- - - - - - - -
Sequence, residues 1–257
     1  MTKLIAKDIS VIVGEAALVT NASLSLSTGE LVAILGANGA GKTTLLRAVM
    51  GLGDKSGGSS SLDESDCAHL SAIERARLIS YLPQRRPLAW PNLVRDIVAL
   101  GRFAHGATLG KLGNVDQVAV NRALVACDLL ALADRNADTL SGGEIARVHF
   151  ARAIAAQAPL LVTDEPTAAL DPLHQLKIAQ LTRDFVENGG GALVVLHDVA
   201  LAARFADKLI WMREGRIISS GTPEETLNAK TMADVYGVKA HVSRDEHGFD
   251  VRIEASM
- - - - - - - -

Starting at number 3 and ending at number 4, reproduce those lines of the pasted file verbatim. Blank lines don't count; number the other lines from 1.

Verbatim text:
    51  GLGDKSGGSS SLDESDCAHL SAIERARLIS YLPQRRPLAW PNLVRDIVAL
   101  GRFAHGATLG KLGNVDQVAV NRALVACDLL ALADRNADTL SGGEIARVHF